Netflix wants people to know The Witcher is just as big, if not bigger, than Disney’s Mandalorian around the world. Franchise plays like The Witcher and movies like 6 Underground are key to Netflix growing internationally, and they could represent a big part of Netflix’s future in a year where competition from major players will start to heat up.
In its Q4 earnings report, Netflix said that 76 million accounts watched The Witcher within its first four weeks. It also revealed that 6 Underground, a big action flick from director Michael Bay that starred Ryan Reynolds, was watched by 83 million accounts within its first four weeks. If Netflix’s numbers are to be taken as presented, 6 Underground was a rousing success for one of Netflix’s first big forays into franchise filmmaking. And The Witcher will likely have the biggest first season of a Netflix original series ever, according to the earnings report.
Netflix’s leaders have pushed back against concerns from investors that its series and movies, while plenty, can’t compete with Disney or Warner Bros.’ big franchises. Franchises are immensely valuable to studios, bringing back viewers again and again and growing their audience over time. But building franchises that lead to spinoffs and years of installments — think every extended universe, like Star Wars, DC, Lord of the Rings, and Marvel — takes time, and Netflix is still getting started.
Netflix has had hits like Stranger Things and Black Mirror, but as international growth continues and amid incoming competition domestically from Disney, AT&T, and Comcast, franchises with global appeal will increase in importance. Having franchises with big stars that can lead to spinoffs, an array of licensed merchandise, and bring in new subscribers is what the company is striving for and seems to think it’s found in The Witcher and 6 Underground.
There are reasons to be skeptical of Netflix’s numbers. It only measures viewership of the first two minutes of a show or movie — less time than a typical trailer — so it’s not clear exactly how many people finished either of these titles. And Netflix has yet to announce a sequel to 6 Underground.
The Witcher, meanwhile, has already been renewed for a second season. Netflix CEO Reed Hastings referred to it as a series that could go “season after season,” in a call with investors. And just today, the streaming service announced an animated spinoff film. Hastings previously said that Netflix’s film ambitions were bigger than ever. Think of the strategy as similar to what HBO is doing with Game of Thrones, and its upcoming prequel series, House of the Dragon.
Netflix also seems to have an ability to turn titles into hits when it wants to, thanks to its enormous subscriber base. Bright wasn’t well-received by critics when it was released in 2017, but Nielsen noted that 11 million accounts watched within the first three days in the United States alone. That represented approximately 20 percent of Netflix’s domestic subscriber base at the time, and led Netflix to greenlight a sequel. Netflix content chief Ted Sarandos said in 2018 that critics were “pretty disconnected from the commercial prospects of a film,” which seems like something he could argue about 6 Underground, too.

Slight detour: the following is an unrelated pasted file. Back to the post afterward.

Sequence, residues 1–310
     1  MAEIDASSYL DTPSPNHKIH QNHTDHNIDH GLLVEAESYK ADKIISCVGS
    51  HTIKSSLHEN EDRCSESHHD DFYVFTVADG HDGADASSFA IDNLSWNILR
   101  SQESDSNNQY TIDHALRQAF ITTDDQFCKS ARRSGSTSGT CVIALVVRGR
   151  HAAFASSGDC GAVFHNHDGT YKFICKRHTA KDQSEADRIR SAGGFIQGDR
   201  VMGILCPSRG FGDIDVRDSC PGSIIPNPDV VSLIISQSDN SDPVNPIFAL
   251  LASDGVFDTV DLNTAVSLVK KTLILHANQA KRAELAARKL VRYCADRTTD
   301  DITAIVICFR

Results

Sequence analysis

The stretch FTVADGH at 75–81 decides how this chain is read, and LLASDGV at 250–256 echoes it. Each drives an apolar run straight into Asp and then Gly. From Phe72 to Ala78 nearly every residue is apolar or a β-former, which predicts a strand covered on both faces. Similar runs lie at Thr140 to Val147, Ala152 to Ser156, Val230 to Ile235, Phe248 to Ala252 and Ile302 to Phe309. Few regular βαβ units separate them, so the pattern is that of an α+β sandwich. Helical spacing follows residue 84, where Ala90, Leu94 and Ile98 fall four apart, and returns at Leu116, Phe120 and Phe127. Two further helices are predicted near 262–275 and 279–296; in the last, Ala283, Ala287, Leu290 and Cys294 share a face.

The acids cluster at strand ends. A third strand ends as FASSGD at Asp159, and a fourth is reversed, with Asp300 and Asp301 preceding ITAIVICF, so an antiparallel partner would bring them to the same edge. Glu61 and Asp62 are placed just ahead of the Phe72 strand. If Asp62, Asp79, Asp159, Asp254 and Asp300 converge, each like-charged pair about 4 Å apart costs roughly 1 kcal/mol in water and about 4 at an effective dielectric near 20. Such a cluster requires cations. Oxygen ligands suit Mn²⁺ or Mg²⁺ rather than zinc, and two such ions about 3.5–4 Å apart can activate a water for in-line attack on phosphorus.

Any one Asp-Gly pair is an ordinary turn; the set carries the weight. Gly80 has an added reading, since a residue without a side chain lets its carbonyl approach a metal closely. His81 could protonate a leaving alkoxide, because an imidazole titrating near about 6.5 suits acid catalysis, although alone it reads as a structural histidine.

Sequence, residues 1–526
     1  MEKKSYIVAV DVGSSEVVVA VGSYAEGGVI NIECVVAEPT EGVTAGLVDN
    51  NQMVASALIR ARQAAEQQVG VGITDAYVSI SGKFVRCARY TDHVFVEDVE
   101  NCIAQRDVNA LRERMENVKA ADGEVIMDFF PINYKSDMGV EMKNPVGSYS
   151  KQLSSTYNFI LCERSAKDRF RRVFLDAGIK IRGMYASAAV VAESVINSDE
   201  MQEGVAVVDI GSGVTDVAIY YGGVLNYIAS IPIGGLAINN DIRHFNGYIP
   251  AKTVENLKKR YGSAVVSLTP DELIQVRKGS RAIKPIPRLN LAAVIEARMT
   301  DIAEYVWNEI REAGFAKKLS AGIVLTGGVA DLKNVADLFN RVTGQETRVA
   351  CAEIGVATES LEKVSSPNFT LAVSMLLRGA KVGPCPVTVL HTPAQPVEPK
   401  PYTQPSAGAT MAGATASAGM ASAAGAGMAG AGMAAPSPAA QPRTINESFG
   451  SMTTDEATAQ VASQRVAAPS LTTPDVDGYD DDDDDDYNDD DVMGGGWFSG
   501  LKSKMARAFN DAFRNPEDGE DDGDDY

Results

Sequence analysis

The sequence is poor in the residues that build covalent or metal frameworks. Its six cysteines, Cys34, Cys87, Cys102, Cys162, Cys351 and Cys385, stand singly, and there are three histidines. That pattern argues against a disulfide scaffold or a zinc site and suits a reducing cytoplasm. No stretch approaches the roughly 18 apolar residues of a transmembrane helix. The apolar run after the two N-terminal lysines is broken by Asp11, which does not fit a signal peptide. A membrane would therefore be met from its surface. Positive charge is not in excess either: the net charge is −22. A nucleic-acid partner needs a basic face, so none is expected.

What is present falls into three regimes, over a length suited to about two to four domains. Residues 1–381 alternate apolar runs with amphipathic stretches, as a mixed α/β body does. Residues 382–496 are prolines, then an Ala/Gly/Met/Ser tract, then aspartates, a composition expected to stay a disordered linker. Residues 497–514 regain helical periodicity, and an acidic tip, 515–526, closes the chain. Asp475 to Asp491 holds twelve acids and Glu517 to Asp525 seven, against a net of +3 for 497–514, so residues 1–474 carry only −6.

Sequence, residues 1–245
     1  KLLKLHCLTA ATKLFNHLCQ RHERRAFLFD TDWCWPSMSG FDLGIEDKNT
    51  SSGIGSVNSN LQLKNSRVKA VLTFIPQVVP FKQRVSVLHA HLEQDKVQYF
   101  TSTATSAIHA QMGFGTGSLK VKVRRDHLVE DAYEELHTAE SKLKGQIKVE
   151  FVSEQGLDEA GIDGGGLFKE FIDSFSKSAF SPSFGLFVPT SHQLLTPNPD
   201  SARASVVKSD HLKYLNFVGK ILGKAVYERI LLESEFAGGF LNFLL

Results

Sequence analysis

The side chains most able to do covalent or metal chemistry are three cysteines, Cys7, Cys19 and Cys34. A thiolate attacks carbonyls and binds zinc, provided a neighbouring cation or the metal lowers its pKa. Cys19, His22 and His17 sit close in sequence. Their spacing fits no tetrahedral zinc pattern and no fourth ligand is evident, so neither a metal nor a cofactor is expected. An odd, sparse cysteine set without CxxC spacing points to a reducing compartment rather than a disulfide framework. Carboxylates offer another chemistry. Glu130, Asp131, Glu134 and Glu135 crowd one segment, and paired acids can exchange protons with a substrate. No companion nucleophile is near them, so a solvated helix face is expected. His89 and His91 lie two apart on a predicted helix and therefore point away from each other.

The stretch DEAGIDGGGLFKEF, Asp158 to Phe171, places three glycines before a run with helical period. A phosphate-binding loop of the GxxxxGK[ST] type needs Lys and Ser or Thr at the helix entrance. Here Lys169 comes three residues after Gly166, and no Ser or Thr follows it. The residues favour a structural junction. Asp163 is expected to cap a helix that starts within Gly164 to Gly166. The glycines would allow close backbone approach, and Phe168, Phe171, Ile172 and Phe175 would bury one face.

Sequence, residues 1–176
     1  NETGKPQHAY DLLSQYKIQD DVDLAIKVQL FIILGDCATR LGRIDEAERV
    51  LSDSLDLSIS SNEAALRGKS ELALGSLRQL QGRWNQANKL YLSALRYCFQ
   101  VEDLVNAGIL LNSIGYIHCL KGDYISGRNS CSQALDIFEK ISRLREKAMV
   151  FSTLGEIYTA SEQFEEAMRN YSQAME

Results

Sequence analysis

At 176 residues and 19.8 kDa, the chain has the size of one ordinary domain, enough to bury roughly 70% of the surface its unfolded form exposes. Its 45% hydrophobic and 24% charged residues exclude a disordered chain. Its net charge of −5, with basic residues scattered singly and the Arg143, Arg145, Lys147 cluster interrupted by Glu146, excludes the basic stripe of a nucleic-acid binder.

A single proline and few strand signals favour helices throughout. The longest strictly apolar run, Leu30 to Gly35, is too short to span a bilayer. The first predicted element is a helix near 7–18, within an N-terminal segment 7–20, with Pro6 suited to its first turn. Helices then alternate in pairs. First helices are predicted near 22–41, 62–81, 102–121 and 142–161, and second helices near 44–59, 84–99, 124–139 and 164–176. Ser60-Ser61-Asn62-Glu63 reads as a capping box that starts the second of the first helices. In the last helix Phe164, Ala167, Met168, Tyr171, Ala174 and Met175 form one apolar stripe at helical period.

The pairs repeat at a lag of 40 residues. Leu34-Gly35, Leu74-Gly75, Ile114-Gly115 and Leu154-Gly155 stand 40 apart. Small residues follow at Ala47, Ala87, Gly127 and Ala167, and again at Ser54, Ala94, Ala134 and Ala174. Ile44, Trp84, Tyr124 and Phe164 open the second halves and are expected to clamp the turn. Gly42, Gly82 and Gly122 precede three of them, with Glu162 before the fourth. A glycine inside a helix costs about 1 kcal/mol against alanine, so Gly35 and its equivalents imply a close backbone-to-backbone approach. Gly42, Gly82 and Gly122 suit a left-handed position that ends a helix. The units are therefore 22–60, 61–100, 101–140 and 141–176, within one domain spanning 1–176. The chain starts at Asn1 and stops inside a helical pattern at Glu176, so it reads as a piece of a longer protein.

The thinking suggests that people are more inclined to give something a chance if it’s on Netflix because it’s already part of their monthly subscription. Other companies have learned from this mentality: Disney is moving some titles from theatrical releases to Disney+ exclusives, and AT&T and Comcast will use their respective streaming services — HBO Max and Peacock — to try out shows and movies that people might take a chance on through a streaming service but wouldn’t pay money to see at a theater.
Franchises are especially important in international markets where Netflix is trying to expand. Netflix’s growth in the US has slowed, so it’s increasingly focused on attracting subscribers around the globe: about 8.4 million of the 8.8 million subscribers Netflix added last quarter were from outside the US.
The Witcher is based on a popular property, and Sarandos has said that having a built-in European audience from a series of massively popular books and video games was an advantage. There’s a global appeal that could help the show become the Game of Thrones-like fantasy series the streamer needs. 6 Underground also has massive international value, and could blossom into Netflix’s own version of The Fast and the Furious. Big explosions, a ton of action, and big name actors are the elements that companies like Marvel Studios and Warner Bros. have used to help their own films find homes overseas. A movie like 6 Underground could be a driving force in international territories.
Sarandos once told investors that preexisting franchises have a leg up with audiences because viewers “know what they’re getting into.” But he added that the true value of a franchise comes down to the “value of brand creation and how you scale off of it.” It’s here — finding ways to make The Witcher and 6 Underground into something bigger than what viewers first imagined a series or movie could be on the streaming platform — that Netflix hopes to succeed.